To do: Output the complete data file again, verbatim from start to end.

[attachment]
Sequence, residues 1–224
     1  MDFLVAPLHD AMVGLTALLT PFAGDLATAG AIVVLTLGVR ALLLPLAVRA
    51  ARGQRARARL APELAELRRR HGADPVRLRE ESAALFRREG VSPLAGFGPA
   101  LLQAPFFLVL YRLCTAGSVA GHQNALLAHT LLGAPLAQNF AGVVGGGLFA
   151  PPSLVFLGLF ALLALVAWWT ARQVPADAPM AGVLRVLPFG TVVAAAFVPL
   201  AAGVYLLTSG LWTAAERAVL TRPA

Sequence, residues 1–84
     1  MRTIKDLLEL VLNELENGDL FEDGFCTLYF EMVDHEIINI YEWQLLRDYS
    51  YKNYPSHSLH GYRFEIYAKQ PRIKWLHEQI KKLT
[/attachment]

Sequence, residues 1–224
     1  MDFLVAPLHD AMVGLTALLT PFAGDLATAG AIVVLTLGVR ALLLPLAVRA
    51  ARGQRARARL APELAELRRR HGADPVRLRE ESAALFRREG VSPLAGFGPA
   101  LLQAPFFLVL YRLCTAGSVA GHQNALLAHT LLGAPLAQNF AGVVGGGLFA
   151  PPSLVFLGLF ALLALVAWWT ARQVPADAPM AGVLRVLPFG TVVAAAFVPL
   201  AAGVYLLTSG LWTAAERAVL TRPA

Sequence, residues 1–84
     1  MRTIKDLLEL VLNELENGDL FEDGFCTLYF EMVDHEIINI YEWQLLRDYS
    51  YKNYPSHSLH GYRFEIYAKQ PRIKWLHEQI KKLT